We’ve almost arrived at the real deal after a longer lead-up to this year's NBA draft than ever before.
Here’s our final Sixers-only mock draft ahead of Wednesday night:
No. 21: Desmond Bane
Bane is the first of three four-year college players we have the Sixers taking in this mock draft. He racked up 141 games over his TCU career and improved each season, averaging 16.6 points, 6.3 rebounds and 3.9 assists as a senior.
The 22-year-old shot 43.3 percent from three-point range in college, has no trouble from NBA range and can fire both off the dribble and off movement.
“The feedback I’ve gotten from a lot of NBA teams is they feel that I can shoot the ball,” he said on Sept. 30. “I defend, I play hard, I’m a smart player on both ends of the floor. Something they told me to work on, depending on the organization and team I go into, I may have to play out of some secondary actions and things like that — be able to initiate offense. … That versatility, being able to be off the ball and on the ball, is something that I want to be able to do to provide value at the next level.”
Bane mentioned in September that the Sixers had shown “a lot of interest” and said he thinks he can have a similar impact to JJ Redick and Landry Shamet. Like Shamet, he’ll enter the NBA with the skills to join a rotation immediately. There won’t be the same defensive questions as there were surrounding Shamet and his smaller frame, either — Bane is a muscular 6-foot-6 and 215 pounds — although his 6-foot-4 wingspan and unexceptional athleticism work against him. At a minimum, Bane’s an intelligent defender who will understand his responsibilities in the NBA and give excellent effort.
It’s possible Bane doesn’t last this long, especially with the way his stock appears to have risen during this unorthodox pre-draft process. He should be an option for the Mavs at No. 18, Nets at No. 19 and Heat at No. 20, three teams with deep playoff aspirations. His shooting should attract the Sixers if he’s available at No. 21, as well as his skills as a pick-and-roll distributor.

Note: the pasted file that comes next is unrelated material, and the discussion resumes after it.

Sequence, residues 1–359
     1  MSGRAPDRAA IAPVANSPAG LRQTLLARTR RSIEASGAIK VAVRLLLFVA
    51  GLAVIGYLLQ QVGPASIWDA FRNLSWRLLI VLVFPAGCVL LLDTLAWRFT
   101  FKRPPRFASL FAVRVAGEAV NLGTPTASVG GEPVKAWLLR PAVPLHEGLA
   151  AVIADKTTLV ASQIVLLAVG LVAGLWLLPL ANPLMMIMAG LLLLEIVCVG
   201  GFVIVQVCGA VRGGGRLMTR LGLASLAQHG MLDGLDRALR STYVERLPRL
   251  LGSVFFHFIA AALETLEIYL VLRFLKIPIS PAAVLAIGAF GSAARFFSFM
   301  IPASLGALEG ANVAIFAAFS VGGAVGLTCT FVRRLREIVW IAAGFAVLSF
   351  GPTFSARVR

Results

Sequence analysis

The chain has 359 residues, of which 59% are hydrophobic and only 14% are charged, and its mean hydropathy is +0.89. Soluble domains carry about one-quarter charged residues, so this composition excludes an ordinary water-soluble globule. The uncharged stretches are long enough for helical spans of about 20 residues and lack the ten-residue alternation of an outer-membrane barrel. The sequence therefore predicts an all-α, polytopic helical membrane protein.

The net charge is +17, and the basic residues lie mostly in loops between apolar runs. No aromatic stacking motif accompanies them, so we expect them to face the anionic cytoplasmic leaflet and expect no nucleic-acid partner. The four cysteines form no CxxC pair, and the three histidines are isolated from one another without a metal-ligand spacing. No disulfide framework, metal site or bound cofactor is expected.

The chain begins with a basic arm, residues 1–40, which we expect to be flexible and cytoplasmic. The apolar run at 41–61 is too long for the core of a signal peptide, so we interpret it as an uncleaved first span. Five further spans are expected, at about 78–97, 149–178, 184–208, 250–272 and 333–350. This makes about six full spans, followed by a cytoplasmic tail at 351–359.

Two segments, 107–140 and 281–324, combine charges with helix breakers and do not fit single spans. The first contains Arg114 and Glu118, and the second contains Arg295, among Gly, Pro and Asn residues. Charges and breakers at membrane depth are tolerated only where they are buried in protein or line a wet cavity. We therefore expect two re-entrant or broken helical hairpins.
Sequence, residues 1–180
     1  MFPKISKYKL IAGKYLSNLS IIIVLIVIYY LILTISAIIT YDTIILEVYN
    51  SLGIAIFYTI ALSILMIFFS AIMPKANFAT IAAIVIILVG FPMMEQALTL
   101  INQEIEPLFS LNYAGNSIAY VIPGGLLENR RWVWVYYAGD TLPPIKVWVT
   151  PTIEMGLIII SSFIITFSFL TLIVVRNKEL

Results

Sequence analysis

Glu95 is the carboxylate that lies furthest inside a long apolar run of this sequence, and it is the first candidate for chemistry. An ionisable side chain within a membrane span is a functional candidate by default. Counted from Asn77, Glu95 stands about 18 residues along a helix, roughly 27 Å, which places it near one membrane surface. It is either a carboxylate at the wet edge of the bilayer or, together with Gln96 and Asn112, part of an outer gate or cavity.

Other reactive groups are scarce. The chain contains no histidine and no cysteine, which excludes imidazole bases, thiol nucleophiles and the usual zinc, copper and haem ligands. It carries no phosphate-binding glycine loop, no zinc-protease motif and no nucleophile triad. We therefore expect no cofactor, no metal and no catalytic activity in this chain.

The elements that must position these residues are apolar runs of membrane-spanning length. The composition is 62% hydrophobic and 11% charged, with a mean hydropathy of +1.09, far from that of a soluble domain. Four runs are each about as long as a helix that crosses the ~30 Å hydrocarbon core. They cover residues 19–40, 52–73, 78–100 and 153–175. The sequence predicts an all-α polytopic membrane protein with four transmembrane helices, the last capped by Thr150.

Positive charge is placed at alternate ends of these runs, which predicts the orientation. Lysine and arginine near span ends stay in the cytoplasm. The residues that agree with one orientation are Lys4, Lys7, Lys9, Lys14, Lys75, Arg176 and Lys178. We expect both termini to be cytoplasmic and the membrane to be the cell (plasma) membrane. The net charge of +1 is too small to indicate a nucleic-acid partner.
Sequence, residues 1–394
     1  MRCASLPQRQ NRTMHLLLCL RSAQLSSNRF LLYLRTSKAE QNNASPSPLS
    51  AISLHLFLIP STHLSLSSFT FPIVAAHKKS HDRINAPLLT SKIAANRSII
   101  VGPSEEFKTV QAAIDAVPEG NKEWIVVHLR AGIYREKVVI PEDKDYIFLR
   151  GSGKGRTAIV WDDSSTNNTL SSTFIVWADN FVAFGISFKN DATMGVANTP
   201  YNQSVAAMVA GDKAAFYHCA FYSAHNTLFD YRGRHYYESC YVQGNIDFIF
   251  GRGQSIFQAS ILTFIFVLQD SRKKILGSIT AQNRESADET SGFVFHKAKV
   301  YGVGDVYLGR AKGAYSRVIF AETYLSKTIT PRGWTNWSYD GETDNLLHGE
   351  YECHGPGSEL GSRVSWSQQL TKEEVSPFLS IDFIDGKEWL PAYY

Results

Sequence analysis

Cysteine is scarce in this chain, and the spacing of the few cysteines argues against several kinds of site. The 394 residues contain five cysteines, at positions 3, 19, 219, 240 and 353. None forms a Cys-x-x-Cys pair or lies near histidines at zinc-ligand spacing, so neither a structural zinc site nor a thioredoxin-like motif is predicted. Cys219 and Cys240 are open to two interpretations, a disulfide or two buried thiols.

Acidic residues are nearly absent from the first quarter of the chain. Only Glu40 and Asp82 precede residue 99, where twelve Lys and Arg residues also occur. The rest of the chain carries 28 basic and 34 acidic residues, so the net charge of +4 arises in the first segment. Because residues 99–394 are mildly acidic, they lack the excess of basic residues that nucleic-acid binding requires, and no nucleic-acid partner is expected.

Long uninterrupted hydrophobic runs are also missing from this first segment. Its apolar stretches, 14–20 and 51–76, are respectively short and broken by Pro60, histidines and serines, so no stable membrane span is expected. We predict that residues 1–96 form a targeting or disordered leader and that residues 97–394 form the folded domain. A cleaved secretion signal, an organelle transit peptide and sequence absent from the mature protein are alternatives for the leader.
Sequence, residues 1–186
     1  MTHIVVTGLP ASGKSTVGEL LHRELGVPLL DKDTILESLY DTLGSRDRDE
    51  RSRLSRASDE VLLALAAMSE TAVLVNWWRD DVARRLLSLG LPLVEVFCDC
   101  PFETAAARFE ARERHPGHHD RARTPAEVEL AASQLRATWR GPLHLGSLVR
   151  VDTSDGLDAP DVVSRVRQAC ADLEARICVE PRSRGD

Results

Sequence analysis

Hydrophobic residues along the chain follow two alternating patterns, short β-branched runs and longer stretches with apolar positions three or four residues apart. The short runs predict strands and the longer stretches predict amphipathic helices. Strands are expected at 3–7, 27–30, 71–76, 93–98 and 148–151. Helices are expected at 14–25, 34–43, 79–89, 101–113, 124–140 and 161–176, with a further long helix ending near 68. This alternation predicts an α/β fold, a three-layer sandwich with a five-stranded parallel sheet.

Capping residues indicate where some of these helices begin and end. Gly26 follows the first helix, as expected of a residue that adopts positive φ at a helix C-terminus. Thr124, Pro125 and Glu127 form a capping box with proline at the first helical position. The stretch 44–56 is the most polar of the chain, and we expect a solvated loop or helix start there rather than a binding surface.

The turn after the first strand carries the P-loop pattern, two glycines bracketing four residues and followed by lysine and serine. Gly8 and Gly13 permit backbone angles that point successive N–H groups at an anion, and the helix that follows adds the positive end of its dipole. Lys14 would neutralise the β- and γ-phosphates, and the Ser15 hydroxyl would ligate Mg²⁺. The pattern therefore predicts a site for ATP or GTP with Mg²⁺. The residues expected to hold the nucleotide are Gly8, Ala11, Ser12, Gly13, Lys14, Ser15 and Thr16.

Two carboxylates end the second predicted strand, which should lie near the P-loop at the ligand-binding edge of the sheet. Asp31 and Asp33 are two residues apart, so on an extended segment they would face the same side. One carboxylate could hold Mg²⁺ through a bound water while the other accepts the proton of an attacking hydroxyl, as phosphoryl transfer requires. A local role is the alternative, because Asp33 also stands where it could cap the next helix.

TRADE — No. 34 and No. 36 for No. 30 (Cassius Winston) from Celtics
A move late into the first round is one of many possible directions for the Sixers with these two early second-round picks.
Winston isn’t close yet to being a six-time All-Star and NBA champion, but there are some parallels with Kyle Lowry. He’s a short and sturdy point guard, a leader who likes making big plays and gets to his preferred spots despite not being a great athlete.
Over his decorated Michigan State career, Winston made 43 percent of his threes and 84.5 percent of his foul shots. Add savvy, nuanced pick-and-roll play to that shooting ability and you’ve got a nice package for the Sixers. Winston scored 1.40 points per catch-and-shoot jumper in the half court per Synergy (97th percentile), one positive sign for his prospects of both playing with and backing up Ben Simmons.
The main concerns with Winston are related to his physical traits, not his basketball skills. He wasn’t a very good finisher around the rim and will concede quickness in many defensive matchups in the NBA. His strengths pop, though, and it appears they’d fit well on the Sixers.
TRADE — No. 49 and No. 58 for No. 46 (Udoka Azubuike) from Blazers
With this final trade, the Sixers slide up a few spots to ensure they can select another 7-footer from Kansas as a young backup to Joel Embiid.
Azubuike is a strong 260 pounds and has a 7-7.25 wingspan, the highest of any prospect measured at this year’s Draft Combine. While he won’t be able to extend beyond drop pick-and-roll coverage in the NBA, he protects the rim well and has good instincts as a shot blocker. Azubuike hardly ever shoots outside of the paint, but he’s extremely efficient inside, a powerful and frequent college dunker. His 74.6 field goal percentage is highest in NCAA history.
Free throw shooting is a different story; Azubuike’s 44.1 percent mark from the foul line as a senior was actually the best of his college career. If he can’t figure out free throws, his path to important NBA minutes looks steeper. He’s had conditioning issues in the past, though those seem to be behind him.
Guard play is a reasonable focus for the Sixers in the draft, but don’t discard the possibility of a center. The fact that 34-year-old Al Horford was Embiid’s primary backup last year suggests a big man prospect could be helpful at some stage.